My pain started a few months ago in my lower left ab. I also had symptoms of polyps, so sure enough, I got a colonoscopy and they took out a couple (benign) polyps 3 weeks ago. However, my soreness was still in the lower abs. Been running still, but not as often or long (4-5 mi 3x/week from 6+ mi 3-4x/week). After reading this thread and also other sites about Osteitis Pubis I think/fear my running days will have to be put on hold for some time. I hope I caught this early enough that with rest/ibuprofin/certain exercies that I can run again in some weeks/months.
Anyway, my soreness does radiate from left to right to middle, but seems to be mostly in lower left. Had been getting worse the last couple of weeks, but I thought it was due to colonoscopy...maybe just coincidence? I plan to go to doc to (maybe) verify condition in a few days.
My question is, can this condition radiate from the left, or do most folks who have this condition mainly feel it from the lower middle region?
so how are things now? I had a sports hernia surgury May 19th in Denver with Dr. Steigman who apparently repaired a tear, released a pinched nerve and laid some of that mesh down. Couple times I thought I might have messed up his work..once I stummbled and ahmm once having sex the night after (that was pleasure pain sheww)
Now 4 weeks out and things are tight, even a little painful particularly in the left groin and inner thigh..where I was not even injured or operated on, still get some aches and tenderness here and there and it still feels kind of like the sport hernia..then again.. it is hard to tell if it is still injured or if I am yet feeling the effect of the surgery.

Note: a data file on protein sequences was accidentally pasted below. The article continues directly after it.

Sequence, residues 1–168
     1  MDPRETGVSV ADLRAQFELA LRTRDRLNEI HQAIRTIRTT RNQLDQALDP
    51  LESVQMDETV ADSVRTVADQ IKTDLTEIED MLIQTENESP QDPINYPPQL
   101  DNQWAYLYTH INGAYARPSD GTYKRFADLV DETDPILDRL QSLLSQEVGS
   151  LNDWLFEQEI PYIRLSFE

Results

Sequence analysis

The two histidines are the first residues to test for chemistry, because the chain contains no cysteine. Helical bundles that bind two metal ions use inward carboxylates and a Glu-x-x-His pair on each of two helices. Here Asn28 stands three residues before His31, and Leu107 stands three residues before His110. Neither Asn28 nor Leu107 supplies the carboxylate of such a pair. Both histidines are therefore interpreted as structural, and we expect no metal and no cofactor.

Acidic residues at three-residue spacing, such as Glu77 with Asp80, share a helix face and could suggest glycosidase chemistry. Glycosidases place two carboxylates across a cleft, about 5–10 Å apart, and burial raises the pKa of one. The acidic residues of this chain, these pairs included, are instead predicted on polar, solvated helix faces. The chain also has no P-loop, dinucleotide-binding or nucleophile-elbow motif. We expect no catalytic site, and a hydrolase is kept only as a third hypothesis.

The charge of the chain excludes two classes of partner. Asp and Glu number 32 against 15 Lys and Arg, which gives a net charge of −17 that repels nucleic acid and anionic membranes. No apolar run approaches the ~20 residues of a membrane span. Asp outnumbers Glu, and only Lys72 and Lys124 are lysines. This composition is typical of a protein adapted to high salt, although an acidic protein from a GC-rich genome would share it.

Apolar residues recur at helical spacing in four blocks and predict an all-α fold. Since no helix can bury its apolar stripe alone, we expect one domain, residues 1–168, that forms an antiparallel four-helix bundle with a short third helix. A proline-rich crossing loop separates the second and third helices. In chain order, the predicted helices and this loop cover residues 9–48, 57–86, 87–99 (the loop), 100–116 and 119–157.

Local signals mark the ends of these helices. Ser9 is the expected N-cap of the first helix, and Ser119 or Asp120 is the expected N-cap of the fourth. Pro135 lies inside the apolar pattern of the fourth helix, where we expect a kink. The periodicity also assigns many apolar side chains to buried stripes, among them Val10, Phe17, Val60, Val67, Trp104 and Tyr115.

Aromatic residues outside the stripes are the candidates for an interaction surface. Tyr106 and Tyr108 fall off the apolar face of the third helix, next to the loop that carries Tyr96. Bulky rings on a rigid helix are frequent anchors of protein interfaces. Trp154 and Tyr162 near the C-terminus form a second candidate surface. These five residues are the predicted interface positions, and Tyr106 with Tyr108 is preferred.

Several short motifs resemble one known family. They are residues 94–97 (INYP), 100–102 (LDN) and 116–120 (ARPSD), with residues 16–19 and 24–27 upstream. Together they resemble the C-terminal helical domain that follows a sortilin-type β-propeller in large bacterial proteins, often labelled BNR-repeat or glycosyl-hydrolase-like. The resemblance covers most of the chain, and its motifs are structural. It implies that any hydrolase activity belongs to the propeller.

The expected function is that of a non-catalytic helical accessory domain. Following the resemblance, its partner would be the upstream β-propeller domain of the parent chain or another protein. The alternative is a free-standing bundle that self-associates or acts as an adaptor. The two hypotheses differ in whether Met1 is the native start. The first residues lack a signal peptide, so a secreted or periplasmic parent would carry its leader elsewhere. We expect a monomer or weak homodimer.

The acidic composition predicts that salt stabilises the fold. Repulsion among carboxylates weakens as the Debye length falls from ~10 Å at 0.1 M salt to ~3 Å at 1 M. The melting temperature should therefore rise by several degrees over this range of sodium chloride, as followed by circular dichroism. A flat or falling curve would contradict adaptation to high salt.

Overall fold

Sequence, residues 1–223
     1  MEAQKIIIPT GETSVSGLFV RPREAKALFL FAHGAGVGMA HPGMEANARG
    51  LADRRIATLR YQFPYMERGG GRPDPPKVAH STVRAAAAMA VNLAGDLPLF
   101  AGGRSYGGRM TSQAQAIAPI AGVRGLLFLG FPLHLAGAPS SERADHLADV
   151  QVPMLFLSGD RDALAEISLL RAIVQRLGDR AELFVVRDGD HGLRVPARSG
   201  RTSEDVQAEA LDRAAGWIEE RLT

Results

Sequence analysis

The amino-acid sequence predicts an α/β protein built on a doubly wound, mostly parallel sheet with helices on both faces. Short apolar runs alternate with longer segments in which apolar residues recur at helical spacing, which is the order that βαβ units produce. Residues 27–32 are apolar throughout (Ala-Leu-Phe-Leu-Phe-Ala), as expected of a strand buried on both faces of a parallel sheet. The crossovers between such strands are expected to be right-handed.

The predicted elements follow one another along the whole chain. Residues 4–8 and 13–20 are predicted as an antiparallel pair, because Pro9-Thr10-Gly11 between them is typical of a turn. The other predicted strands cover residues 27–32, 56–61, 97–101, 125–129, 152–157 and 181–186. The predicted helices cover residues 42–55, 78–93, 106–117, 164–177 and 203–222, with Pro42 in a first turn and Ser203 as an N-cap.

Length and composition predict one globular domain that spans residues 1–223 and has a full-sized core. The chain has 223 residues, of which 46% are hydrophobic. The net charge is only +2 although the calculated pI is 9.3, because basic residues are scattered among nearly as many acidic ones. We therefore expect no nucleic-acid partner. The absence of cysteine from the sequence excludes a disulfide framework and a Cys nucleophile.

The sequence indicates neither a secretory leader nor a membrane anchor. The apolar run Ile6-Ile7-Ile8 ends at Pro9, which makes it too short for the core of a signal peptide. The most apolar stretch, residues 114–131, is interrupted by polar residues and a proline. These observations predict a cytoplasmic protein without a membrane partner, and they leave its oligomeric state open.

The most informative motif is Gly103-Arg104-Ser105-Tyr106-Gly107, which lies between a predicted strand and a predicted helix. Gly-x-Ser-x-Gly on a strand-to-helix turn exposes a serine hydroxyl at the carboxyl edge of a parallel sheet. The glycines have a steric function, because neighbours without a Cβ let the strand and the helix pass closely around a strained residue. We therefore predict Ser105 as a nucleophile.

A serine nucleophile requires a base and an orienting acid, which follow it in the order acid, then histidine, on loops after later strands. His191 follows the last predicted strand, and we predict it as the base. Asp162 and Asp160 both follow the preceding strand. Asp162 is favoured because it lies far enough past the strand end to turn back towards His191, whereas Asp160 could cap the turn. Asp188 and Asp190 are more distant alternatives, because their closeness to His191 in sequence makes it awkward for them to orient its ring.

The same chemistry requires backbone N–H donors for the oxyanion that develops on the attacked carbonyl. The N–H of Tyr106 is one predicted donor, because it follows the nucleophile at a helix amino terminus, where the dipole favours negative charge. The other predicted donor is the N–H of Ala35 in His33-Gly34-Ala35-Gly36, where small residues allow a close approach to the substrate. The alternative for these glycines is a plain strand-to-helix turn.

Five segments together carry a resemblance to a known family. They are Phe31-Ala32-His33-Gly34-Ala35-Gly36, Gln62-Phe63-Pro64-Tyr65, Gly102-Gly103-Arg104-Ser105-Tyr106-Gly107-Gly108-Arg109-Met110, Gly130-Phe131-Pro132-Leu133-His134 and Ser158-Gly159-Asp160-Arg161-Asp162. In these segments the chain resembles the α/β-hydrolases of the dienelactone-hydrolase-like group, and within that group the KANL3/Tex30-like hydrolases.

Does this sound similar to your post op experiences?
have you found coming back to exercise okay? I was given little guidence on what I could do or not do...only to wait 3-4 weeks. All I have done is walk until this week. Now just light strength training and walk/jogs on soft dirt.
Things are great. I had the surgery on April 26th. It's like a miracle to be without that pain in my groin. I just got done rehab. The only thing a little sore is the inner thigh with the adductor release. I am taking the running slowly. That is the key. Meyers has a very specific rehab protocol he gives you. Meyers does not use the mesh. Your doc should have given you a rehab protocol. I feel like a new person.
I copied some of his protocol.
WEEK 4 No sit-ups or biking
BEGINNING Posterior pelvic tilt (5-6 sec. hold) sets of 10
RESISTIVE EXERCISES Mild resistive exercises – Pool exercises
• Pool walking: forward and backward (3-5 laps initially)
• Standing hip adduction/abduction, flexion, extension (30 reps each)
• Partial squats (30 reps)
• Heel raising (30 reps)
• Side bending (4 times for 30 seconds each)
• Hip extension stretch (4 times for 30 seconds each)
• Psoas, groin, hamstring, quads
WEEK 5 Progressive resistance exercises
GETTING BACK TO Hip flexion/adduction/abduction/extension with body weight - when sets of 10-10-15
NORMAL SHAPE accomplished, weights may be increased in 2lb increments
• Running backward/forward, cariocas, side slides (3-5 laps initially), jumping jacks (legs only), scissors, swimming (flutter kicks only – NO BUTTERFLY STROKE)
Jogging ½ mile – 1 mile (include backward runs and increase in ¼ mile increments) and the following agility drills: 50 yard agility drills for every ¼ mile
Strengthening: Abdominal crunches
• Sprinting – 50 yards with gradual 25 yard warm-up and 23 yard cool down. Gradually build up speed avoiding sudden stops and starts
• Figure 8’s
• Lunges – 3 sets of 10
• Pylometrics – shuttle, rope jumping
• Add sport specific activities as follows:
*Soccer (dribbling, passing). No shooting or long volleys.
*Running (hills, sprints)